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The United States and Canada are next-door neighbors, but there are some major differences in how the two nations conduct business.
Across the board, Canada seems to ditch many of the customs Americans hate about their work culture. For example, laws dictate how many hours employees work and how much vacation time they get every year.
Read on for five things that Canadian workers do differently than their American counterparts.
Canadians work less than Americans
A 2014 Gallup report estimated that the average full-time American worker works 47 hours per week, reaffirming the global stereotype that Americans are addicted to their jobs.
That habit hasn’t quite crept across the border yet. In Canada, most full-time workers work between 36 and 40 hours a week, the Canadian government reported.
They get more breaks during the day, too
American office workers have a reputation for being chained to their desks, taking few breaks even just to eat a meal or walk around.
In Canada, employees are entitled to a 30-minute break every five hours and for a 24-hour break each week, ensuring that workers aren’t on the job around the clock.
Canadian workers get more vacation time than Americans
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Every country has different requirements for employee vacation time, and it seems like across the board, almost every other country has it better than the US.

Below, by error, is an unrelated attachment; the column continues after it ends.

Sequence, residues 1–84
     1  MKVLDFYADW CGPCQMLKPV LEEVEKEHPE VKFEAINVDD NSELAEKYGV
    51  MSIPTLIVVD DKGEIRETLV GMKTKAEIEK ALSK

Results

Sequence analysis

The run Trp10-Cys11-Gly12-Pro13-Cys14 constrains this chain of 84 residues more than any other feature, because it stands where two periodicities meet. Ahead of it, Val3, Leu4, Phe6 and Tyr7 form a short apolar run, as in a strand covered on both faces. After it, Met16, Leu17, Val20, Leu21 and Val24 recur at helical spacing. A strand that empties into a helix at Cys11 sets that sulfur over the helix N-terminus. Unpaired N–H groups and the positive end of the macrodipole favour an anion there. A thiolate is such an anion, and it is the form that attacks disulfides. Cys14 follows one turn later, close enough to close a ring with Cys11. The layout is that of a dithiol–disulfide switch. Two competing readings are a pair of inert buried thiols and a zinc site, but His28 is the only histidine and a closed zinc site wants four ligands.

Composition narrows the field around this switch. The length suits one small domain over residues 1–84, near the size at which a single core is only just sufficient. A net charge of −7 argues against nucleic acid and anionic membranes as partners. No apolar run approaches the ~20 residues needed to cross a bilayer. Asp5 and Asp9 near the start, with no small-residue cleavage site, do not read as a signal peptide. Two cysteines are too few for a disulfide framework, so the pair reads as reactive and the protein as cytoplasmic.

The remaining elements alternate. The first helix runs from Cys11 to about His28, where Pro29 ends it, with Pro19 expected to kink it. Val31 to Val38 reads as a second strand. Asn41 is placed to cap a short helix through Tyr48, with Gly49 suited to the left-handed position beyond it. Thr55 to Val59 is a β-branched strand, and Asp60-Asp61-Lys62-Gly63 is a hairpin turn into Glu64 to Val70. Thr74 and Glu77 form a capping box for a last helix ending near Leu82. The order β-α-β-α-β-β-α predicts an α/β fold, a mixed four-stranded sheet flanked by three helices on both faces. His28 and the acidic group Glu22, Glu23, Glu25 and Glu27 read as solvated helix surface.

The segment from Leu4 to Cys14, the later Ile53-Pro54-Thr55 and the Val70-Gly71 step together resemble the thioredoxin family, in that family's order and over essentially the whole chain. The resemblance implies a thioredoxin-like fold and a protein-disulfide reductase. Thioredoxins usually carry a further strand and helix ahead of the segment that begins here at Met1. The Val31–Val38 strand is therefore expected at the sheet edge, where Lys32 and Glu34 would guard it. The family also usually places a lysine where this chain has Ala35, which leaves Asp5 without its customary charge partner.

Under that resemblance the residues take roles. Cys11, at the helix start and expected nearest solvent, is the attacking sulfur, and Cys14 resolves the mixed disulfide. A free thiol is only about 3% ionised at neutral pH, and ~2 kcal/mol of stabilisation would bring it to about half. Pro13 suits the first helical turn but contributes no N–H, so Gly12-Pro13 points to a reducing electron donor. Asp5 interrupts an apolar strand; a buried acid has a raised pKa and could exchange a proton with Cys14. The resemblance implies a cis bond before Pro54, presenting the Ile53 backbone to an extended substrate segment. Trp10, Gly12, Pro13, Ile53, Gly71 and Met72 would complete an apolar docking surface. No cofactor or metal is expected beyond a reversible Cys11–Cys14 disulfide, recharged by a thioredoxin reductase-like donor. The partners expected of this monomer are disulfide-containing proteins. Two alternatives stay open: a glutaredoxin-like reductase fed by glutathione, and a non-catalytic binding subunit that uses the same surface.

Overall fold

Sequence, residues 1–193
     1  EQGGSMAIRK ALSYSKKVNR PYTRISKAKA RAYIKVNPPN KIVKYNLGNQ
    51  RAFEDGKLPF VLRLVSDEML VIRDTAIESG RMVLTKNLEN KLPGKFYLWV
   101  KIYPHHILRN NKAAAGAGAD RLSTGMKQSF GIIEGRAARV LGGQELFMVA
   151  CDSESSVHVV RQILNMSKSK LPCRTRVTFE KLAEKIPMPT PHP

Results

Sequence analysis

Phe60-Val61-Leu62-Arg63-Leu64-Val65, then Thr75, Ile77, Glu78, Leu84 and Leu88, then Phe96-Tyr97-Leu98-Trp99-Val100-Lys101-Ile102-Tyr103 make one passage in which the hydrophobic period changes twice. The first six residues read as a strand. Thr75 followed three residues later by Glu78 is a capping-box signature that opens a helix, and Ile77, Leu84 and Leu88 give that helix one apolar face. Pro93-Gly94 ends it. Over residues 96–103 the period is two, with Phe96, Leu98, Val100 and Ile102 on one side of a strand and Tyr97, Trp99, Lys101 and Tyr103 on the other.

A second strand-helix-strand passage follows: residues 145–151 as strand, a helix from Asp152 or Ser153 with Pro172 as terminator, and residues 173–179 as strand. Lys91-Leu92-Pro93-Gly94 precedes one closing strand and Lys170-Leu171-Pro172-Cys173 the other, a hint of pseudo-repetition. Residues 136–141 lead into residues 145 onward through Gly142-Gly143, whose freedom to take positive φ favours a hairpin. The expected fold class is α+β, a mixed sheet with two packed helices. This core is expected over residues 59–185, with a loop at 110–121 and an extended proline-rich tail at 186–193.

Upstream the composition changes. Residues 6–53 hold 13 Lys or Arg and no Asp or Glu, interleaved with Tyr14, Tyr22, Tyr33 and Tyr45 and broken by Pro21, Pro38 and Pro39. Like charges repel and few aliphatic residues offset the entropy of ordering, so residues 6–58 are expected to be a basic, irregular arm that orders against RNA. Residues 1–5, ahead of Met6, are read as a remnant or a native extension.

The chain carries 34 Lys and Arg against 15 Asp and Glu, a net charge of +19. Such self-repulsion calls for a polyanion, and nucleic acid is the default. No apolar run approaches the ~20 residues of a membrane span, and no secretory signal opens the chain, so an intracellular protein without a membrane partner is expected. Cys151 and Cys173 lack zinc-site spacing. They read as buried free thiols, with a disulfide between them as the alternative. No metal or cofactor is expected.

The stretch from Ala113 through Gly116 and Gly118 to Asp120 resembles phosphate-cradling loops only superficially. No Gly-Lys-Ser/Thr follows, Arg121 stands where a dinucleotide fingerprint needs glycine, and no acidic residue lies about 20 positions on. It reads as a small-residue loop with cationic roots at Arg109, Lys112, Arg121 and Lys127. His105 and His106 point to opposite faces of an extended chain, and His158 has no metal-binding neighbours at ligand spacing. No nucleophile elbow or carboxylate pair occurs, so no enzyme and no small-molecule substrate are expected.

Canada is no exception – workers with less than five years at a company are entitled to two weeks of paid vacation a year, and that shoots up to three weeks after their fifth anniversary at their workplace.
The US, meanwhile, doesn’t legally require companies to offer paid vacation time. Many companies offer two weeks to their employees, although the average worker only ends up using about half of their time.
In one province, you can expect to hear a lot of French in the office
In the francophone province of Quebec, workers are entitled to conduct their business in French, and can’t be refused a job because they don’t speak English.
A province-wide charter also mandates that every person in Quebec has the right to be served in French. That means there’s a lot more bilingualism in your average Quebecois workplace.
And new parents in Canada can expect more time off than Americans
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The US also doesn’t guarantee paid leave to new mothers and fathers, instead leaving it up to individual employers. Many new parents feel pressure to return to work earlier than they’d prefer to avoid being seen as uncommitted to their jobs.
In Canada, parental leave is federally mandated: Mothers are entitled to up to 15 weeks of paid leave, and many new parents get as much as 35 combined weeks off.